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Here's a quick quiz. I'll give you three clues, you name the social network. Ready?
1. Your profile includes your headshot, skills and work experience and has space for a compelling, career-oriented bio.
2. Organizations are active on this network and have their own pages where they send updates and post jobs.
3. With more than a billion members, you can reach an average of more than 150,000 people through degrees of connections.
The answer is ...
Let me get one thing out of the way: I love LinkedIn. I've written about the network, talk about it all the time and log in at least three times every day. LinkedIn is my highest-recommended resource for networking and job searching today. If you're looking to step up your career game, the Jobseeker posts on LinkedIn’s blog are a great resource and place to start.
But LinkedIn isn't the only network out there that can propel your career forward.
1. Complete the career-related areas of your
Make sure to fill in your Work and Education, About Me and Professional Skills sections. When you complete these areas, focus on keywords and phrases relevant to your industry.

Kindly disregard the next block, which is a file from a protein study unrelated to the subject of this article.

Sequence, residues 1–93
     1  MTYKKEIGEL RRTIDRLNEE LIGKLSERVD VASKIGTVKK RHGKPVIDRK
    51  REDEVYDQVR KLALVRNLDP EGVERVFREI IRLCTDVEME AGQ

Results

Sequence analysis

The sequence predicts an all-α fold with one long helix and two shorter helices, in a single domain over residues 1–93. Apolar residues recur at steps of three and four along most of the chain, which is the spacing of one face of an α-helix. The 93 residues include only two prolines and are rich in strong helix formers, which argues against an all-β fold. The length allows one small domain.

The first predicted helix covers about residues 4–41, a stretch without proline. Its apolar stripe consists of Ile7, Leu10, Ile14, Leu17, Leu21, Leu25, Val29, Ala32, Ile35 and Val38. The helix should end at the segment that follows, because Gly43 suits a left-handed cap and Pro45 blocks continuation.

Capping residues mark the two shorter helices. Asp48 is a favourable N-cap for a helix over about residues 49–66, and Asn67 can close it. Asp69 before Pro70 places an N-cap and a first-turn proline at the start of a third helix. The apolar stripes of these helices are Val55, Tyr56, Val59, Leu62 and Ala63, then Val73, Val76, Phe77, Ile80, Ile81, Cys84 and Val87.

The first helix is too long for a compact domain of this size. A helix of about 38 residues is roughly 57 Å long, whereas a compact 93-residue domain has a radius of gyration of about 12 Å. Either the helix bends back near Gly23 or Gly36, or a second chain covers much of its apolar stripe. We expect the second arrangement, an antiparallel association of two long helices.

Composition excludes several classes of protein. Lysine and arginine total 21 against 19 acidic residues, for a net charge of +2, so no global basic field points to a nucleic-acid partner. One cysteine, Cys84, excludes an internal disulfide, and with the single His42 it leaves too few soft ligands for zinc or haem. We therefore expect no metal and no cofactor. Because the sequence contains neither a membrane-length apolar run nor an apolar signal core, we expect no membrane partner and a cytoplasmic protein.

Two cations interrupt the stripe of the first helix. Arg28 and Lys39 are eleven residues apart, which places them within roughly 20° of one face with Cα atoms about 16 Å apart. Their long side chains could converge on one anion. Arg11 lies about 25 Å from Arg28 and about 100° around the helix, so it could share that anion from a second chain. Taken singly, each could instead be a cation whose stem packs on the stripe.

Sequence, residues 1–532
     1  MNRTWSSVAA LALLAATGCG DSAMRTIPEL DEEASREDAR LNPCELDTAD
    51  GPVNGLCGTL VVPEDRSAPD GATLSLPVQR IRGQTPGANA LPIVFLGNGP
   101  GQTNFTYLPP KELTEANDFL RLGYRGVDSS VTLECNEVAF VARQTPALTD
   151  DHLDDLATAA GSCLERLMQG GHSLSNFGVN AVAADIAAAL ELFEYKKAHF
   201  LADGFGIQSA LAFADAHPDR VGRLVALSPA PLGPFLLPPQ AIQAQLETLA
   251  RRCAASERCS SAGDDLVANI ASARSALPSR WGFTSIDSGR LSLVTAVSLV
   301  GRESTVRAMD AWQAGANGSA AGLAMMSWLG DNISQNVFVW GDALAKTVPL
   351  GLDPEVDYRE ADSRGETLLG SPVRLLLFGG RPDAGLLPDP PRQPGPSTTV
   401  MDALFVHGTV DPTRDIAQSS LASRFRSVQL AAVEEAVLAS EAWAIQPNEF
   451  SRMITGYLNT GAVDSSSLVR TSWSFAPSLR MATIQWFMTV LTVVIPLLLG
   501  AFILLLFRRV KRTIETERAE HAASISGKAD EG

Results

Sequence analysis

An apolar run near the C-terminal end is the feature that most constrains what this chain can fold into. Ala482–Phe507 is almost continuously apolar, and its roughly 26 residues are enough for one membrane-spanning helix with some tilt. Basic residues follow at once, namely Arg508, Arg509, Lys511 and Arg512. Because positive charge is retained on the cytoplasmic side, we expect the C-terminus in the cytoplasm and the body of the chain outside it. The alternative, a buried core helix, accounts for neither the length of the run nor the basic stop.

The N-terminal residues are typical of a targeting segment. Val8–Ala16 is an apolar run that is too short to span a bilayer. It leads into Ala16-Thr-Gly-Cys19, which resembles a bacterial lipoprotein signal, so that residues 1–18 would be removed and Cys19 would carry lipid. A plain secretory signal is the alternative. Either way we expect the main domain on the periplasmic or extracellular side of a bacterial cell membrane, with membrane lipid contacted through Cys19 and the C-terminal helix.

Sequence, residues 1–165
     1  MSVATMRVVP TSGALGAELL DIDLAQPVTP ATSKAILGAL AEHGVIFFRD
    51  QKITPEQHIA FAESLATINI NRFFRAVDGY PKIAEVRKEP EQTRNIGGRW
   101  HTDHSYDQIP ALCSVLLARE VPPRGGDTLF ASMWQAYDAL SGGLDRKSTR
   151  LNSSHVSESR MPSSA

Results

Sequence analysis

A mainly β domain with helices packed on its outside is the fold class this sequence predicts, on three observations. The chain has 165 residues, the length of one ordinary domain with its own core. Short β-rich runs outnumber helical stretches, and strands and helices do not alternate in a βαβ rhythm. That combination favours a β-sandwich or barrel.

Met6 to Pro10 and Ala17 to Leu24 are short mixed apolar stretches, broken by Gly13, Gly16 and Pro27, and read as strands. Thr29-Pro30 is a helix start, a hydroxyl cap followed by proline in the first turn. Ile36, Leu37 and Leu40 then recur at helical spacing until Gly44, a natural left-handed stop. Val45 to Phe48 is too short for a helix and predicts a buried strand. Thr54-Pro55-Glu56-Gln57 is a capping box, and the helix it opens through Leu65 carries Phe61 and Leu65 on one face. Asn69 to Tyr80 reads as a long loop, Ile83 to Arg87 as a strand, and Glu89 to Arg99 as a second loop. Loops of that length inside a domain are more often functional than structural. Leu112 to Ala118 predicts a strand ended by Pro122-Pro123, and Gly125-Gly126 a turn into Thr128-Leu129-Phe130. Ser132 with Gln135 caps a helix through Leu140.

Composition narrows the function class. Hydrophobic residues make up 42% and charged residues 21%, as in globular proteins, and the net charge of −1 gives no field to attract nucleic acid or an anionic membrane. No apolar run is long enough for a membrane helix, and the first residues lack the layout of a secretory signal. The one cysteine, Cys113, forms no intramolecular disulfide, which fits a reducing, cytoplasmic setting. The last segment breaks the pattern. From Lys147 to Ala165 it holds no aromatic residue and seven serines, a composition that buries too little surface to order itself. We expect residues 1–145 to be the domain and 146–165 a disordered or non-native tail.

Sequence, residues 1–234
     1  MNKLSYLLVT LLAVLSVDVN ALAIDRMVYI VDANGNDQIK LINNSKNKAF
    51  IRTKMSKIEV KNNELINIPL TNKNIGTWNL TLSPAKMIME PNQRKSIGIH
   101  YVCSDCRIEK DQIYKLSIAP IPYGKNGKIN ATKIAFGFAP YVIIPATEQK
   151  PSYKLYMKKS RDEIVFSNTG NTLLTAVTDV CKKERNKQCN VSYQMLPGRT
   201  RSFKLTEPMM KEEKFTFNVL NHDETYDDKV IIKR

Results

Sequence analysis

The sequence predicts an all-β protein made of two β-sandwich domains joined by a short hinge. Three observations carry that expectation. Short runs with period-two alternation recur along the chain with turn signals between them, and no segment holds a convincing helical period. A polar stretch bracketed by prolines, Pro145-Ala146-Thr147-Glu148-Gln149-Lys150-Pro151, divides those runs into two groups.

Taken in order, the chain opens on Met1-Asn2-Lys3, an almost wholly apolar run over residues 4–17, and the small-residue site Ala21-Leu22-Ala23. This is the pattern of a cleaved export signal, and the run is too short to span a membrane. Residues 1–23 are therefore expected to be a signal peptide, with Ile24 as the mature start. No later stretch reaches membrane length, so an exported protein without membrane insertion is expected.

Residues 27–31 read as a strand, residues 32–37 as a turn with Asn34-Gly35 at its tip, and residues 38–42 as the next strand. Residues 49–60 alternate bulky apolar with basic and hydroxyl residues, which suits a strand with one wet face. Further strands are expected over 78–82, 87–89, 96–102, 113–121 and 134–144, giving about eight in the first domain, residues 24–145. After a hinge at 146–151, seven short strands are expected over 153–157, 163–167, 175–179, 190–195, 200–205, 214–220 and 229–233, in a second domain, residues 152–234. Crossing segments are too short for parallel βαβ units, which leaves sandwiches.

And it's time to remove that wild profile photo from your 21st birthday. Select an appropriate, friendly headshot instead. Make sure to update your Current City as well, so recruiters or employers who search by geography can easily find you.
2. Jumpstart your professional networking with Graph Search
The search bar at the top of your
Here are some sample searches I could run to find specific people who could help me in my job search:
Example search number one.
I know the exact employer I want to work for, but I'm pretty sure none of my friends work there. I can expand that search to "friends of friends" in Graph Search to find contacts with whom my friends could help connect me.
So, if I were looking to work at
"Friends of friends who work at
Example search number two
I'm about to graduate college. I like my major, and I know I want to live in a specific city. Graph Search can show me who's just an introduction away and can make the right connection.
If I were looking to work in economics in
"Friends of friends who majored in economics and live in
Example search number three
Finally, let's say I'm trying to discover a new path because of a budding interest. It might be good to tap my university alumni network to see if other people with the same passion have started expressing it professionally, too.
If I were looking to learn more about the fashion industry and I went to
"People who like fashion and went to
Fair warning: Like other Graph Searchers have noted, the search isn't flawless. Not everyone has fully completed their education or career-related sections on
3. Search for open jobs on the
You can "like" the page and even explore the
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